Critic my module

Alain Ketterlin alain at dpt-info.u-strasbg.fr
Thu Jul 25 16:09:15 CEST 2013


Devyn Collier Johnson <devyncjohnson at gmail.com> writes:

>    I made a Python3 module that allows users to use certain Linux
> shell commands from Python3 more easily than using os.system(),
> subprocess.Popen(), or subprocess.getoutput(). This module (once
> placed with the other modules) can be used like this

Good, but I doubt it's really useful: I think nobody is going to add a
dependency on your module for, basically, one-line wrappers...

Here are a few comments:

> def ls():
> 	version = '0.3'
> 	print(subprocess.getoutput('ls'))

version is local here, so basically your first statement is useless
(search for "global" in python's language ref).

> def uname():
> 	version = '0.3'
> 	print(platform.uname())

I once learned: "never print anything in a library function". This is a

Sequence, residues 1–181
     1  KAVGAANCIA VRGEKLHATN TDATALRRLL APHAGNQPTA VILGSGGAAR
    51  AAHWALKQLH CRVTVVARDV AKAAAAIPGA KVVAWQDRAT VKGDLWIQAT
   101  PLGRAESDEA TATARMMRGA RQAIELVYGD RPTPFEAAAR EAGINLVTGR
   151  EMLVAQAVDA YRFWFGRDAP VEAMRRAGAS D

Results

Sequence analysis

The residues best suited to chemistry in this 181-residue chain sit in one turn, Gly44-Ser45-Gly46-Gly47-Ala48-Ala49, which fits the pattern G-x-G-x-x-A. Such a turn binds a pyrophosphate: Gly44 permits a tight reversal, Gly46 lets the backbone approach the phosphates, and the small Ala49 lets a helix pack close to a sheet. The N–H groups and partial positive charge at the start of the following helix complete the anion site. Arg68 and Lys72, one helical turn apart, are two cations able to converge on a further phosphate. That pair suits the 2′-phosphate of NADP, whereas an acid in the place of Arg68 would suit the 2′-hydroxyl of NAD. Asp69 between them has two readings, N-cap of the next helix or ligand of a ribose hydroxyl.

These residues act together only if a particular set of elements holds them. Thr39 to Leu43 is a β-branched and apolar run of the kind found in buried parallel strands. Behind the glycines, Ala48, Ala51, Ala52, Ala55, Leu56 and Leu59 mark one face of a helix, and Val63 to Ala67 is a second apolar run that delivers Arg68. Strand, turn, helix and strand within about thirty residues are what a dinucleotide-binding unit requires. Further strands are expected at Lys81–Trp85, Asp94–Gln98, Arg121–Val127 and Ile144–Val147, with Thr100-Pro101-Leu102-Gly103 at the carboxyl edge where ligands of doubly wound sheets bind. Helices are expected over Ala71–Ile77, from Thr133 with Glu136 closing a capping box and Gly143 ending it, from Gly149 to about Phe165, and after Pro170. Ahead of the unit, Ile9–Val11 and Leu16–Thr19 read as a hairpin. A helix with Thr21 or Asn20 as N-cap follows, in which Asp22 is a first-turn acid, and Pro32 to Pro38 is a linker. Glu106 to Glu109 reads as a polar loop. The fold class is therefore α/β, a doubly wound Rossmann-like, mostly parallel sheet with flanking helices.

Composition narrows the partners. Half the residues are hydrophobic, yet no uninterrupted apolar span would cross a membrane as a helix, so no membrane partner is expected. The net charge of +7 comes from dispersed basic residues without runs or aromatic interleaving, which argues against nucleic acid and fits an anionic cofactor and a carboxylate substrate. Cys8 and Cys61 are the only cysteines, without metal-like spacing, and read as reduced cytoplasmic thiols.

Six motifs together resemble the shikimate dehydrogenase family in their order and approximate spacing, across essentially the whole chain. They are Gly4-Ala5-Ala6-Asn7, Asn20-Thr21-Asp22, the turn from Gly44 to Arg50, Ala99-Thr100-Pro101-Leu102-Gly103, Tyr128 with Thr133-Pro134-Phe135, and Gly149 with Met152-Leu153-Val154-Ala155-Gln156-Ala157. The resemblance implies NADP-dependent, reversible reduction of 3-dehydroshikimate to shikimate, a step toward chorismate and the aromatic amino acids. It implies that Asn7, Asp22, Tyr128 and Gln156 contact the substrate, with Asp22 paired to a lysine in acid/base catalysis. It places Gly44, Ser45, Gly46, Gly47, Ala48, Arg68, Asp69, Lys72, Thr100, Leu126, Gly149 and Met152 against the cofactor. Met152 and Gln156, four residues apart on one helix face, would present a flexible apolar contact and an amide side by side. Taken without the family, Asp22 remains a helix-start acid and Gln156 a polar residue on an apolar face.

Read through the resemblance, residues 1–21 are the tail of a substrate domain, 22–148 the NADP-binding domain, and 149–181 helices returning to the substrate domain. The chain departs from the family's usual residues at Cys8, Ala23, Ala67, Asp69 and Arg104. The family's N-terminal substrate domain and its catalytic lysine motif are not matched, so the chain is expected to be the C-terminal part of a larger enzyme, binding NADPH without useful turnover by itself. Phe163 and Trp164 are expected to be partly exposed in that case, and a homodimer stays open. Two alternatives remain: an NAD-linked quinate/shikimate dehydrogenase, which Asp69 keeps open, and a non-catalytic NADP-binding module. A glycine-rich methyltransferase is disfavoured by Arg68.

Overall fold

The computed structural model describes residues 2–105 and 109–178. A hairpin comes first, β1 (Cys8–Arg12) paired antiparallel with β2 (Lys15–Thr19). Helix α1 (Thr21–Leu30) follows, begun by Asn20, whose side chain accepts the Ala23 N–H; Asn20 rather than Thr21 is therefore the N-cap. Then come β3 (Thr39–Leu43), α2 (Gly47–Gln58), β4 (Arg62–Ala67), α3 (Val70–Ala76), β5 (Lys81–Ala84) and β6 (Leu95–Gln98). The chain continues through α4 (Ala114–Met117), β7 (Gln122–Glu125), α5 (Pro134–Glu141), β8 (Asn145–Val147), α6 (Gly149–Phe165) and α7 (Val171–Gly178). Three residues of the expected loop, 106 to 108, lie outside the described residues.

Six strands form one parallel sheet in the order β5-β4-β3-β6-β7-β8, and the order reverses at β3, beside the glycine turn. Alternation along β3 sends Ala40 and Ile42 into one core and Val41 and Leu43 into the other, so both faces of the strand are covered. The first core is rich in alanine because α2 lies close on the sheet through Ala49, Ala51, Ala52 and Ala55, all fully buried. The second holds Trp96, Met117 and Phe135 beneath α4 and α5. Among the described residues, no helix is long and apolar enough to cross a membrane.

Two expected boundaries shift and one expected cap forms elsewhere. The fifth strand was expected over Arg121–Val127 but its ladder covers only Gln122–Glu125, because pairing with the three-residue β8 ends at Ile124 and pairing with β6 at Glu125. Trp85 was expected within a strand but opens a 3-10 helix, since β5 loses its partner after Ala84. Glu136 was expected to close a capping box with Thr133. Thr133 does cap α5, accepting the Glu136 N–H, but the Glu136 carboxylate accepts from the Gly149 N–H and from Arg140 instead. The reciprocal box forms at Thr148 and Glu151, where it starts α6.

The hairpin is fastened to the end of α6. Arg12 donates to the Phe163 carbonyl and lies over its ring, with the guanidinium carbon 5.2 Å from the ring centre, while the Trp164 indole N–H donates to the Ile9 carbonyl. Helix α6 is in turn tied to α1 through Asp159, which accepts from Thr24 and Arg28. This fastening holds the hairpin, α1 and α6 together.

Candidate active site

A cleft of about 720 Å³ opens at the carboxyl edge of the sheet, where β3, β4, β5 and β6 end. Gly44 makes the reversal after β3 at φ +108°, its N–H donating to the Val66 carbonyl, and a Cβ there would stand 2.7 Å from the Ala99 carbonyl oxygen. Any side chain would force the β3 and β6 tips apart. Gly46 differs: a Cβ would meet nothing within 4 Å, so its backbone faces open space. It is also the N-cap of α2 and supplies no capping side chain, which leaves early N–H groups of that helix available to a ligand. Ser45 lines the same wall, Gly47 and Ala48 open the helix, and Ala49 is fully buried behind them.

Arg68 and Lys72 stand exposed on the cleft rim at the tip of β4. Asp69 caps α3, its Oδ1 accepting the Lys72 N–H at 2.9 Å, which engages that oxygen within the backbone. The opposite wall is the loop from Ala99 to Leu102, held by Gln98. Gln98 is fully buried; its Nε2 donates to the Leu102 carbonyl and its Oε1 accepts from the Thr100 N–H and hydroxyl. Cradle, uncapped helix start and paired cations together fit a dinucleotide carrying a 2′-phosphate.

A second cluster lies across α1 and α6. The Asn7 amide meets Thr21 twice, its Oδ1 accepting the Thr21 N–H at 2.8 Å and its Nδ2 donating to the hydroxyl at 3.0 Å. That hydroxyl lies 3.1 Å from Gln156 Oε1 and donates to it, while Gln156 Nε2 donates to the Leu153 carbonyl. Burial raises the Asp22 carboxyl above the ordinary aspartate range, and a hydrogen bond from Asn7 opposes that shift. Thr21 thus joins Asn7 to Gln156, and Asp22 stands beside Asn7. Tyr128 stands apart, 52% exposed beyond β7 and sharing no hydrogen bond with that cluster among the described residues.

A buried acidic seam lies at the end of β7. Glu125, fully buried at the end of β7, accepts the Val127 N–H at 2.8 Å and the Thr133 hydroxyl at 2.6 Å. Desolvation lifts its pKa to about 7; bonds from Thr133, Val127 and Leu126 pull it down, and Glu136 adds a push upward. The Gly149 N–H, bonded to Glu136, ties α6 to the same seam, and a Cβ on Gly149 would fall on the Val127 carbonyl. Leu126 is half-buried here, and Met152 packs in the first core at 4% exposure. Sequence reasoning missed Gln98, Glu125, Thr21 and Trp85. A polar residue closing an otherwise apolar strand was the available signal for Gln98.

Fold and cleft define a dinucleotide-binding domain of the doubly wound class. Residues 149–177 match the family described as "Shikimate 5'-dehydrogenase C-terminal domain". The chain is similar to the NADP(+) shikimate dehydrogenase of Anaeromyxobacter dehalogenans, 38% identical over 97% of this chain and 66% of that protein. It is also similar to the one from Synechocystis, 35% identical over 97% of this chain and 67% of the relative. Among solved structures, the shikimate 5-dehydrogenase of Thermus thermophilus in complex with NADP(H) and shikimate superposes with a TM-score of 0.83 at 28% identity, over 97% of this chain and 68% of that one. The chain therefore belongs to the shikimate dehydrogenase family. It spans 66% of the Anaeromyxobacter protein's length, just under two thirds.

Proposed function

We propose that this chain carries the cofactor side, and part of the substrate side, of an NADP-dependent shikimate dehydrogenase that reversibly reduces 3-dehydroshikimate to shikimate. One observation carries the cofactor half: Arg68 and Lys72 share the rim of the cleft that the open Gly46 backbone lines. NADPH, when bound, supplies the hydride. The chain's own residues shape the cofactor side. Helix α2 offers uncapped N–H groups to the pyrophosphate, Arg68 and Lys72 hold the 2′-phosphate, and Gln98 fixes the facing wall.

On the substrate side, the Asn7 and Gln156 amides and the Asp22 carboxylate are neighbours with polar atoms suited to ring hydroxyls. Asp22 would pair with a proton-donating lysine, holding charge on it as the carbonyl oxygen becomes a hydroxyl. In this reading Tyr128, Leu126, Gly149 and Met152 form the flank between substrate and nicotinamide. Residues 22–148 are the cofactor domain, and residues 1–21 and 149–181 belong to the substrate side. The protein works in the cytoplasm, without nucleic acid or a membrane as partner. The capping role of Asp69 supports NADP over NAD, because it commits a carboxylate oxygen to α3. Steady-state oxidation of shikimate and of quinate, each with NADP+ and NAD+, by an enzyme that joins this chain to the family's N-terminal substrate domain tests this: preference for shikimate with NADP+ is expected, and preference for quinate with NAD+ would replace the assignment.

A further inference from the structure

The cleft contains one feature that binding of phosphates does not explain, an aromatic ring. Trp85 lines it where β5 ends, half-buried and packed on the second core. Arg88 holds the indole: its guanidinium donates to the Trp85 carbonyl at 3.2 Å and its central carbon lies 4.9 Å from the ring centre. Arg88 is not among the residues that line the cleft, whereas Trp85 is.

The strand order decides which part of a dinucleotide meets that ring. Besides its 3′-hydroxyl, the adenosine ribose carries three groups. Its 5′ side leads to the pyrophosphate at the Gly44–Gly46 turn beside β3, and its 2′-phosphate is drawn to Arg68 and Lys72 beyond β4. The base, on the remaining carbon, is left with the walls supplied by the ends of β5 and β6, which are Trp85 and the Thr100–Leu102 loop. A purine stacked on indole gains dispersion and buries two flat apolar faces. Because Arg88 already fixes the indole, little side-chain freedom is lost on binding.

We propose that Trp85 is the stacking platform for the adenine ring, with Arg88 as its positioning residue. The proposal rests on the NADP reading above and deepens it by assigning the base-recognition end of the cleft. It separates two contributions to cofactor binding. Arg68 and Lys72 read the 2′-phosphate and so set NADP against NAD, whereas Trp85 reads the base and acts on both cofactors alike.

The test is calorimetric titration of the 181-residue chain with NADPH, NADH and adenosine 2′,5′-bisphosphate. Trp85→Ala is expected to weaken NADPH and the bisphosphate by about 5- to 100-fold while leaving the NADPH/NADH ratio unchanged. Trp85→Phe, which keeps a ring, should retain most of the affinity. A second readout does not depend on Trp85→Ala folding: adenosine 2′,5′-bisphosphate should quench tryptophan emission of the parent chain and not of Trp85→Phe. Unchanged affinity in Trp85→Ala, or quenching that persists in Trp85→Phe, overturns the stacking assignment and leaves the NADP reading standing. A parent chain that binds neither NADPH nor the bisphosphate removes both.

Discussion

bad thing to do, for a variety of reasons. For instance, stdout may be
redirected during this call...

> def man(x):
> 	version = '0.3'
> 	print(subprocess.getoutput('man' + x))

getoutput is (essentially) Popen(...,shell=True), and the doc says:

"the use of shell=True is strongly discouraged in cases where the
command string is constructed from external input"

(for very good reasons)

> def clear_bash_history():
> 	version = '0.3'
> 	print(subprocess.getoutput('history -c'))

Who told you subprocess will use bash? Again, the doc:

"On Unix with shell=True, the shell defaults to /bin/sh."

All your uses of bash-isms may break (esp. "!!")

> def firefox():
> 	version = '0.3'
> 	print(subprocess.Popen('(firefox &)'))

See section "Replacing the os.spawn family" in... the doc.

> def go_back():
> 	version = '0.3'
> 	print(subprocess.Popen('cd !!:1'))

Hopeless. Have you tried this?

> def reboot():
> 	version = '0.3'
> 	print(subprocess.Popen('shutdown -r now'))

What do you expect this to print? I mean, after shutdown/reboot.

> version = '0.6b'

So, what's the version? 0.3 or 0.6b

(btw, are you sure this "version" is the same as the one you use in all
functions?).

-- Alain.



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